Skip to main content

The Navy Department Library

Related Content

Adapted from "Vice Admiral Burton Beecher Biggs, United States Navy, Deceased"
[biography, dated 4 February 1964] in Modern Biographical Files collection, Navy Department Library.

  • Ordnance and Weapons
Document Type
  • Biography
Wars & Conflicts
  • Korean Conflict 1950-1954
  • China Service 1937-1939, 1945-1957
  • World War II 1939-1945
File Formats
Location of Archival Materials
  • NHHC-Library

Burton Beecher Biggs

3 July 1898-1 November 1967

PDF Version [3.7MB]

Burton Beecher Biggs was born in Elliott, West Virginia, on July 3, 1898. He attended high school in Ansted, West Virginia, and began his naval career with the Class of 1921 at the US Naval Academy, Annapolis, Maryland in 1917. Graduated and commissioned Ensign on June 3, 1920, he subsequently progressed in grade as follows: Lieutenant (jg), June 1923: Lieutenant, June 1926; Lieutenant Commander, July 1936; Commander, September 1940; Captain, June 1942; and Rear Admiral, to date from May 1, 1948.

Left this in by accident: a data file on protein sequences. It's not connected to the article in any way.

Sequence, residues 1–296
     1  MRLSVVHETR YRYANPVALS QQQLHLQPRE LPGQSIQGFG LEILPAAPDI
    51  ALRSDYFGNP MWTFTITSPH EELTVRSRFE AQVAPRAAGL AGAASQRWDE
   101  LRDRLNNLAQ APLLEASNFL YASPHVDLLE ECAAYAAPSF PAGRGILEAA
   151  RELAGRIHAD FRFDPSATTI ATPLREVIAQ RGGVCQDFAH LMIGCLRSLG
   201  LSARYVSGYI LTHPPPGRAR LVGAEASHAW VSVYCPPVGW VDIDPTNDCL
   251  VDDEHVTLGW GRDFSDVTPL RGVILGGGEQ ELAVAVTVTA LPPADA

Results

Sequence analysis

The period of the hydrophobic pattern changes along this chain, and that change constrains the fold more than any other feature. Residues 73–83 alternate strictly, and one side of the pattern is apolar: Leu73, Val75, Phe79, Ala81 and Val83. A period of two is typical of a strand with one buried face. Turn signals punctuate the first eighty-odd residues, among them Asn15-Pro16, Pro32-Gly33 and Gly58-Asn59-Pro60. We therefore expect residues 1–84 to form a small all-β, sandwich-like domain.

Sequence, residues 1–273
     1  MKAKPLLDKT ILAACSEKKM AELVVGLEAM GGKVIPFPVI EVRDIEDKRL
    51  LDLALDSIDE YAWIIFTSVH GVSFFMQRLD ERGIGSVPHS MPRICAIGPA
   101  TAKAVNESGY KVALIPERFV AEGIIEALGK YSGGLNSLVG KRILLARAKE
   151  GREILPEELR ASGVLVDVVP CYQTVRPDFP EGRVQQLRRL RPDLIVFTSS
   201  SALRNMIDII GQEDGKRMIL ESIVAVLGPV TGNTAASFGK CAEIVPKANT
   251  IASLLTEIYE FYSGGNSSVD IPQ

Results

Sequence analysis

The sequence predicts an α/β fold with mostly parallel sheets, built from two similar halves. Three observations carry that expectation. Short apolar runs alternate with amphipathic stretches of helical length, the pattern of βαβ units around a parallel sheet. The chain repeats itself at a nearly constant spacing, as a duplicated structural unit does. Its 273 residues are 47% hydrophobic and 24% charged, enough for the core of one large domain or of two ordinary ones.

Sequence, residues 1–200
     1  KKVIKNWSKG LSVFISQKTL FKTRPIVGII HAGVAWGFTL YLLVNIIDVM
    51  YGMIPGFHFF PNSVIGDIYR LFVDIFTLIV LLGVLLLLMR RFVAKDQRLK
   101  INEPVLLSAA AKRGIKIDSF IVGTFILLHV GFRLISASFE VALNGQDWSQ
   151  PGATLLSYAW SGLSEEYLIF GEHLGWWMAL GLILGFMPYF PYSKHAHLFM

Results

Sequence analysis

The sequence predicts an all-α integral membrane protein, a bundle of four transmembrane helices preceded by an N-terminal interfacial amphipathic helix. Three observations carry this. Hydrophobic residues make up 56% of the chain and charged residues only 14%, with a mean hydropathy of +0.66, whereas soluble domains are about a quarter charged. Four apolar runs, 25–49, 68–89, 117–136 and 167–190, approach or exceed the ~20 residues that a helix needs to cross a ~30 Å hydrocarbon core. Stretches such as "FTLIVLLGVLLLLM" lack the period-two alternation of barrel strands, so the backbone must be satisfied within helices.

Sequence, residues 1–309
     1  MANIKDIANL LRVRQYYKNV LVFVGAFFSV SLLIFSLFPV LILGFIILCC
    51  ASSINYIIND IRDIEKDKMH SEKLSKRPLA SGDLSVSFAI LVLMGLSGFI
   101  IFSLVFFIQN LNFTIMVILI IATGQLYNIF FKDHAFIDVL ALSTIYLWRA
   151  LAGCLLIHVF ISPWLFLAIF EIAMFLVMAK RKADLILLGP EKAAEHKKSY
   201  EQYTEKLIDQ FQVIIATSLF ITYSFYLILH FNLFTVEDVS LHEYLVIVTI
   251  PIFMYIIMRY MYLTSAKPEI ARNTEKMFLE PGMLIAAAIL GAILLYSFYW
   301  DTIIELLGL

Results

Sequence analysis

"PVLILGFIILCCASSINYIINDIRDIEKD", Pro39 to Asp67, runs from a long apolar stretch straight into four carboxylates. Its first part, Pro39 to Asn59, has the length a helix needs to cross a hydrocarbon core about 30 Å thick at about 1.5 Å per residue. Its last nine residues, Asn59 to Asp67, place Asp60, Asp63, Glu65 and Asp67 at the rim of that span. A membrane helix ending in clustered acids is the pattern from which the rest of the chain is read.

After graduation from the Naval Academy in June 1920, he had sea duty as a junior turret officer and Aide to the Executive Officer of USS Utah, operating with the Atlantic Fleet. He then served successively from July 1921 to November 1926 as Engineer and Gunnery Officer of USS Shaw; on the staff of Commander in Chief, US Atlantic Fleet; for three years as a quarterdeck division officer in USS Seattle; and for three months aboard USS Detroit, flagship of Light Cruiser Division 3, Scouting Fleet.

Returning to the United States, he served as Aide to the Commandant, Ninth Naval District, Great Lakes, Illinois, from December 1926 to December 1928, after which he again returned to duty afloat. Service as Flag Lieutenant to Commander Battleship Division FOUR and later to Commander Scouting Fleet, preceded duty as Mining Officer in USS Oglala, flagship of Mine Squadron One, Control Force, in which he served until the following June. He then had orders to duty as Executive Officer of the Ammunition Depot, Fort Mifflin, Pennsylvania, serving two years in that capacity.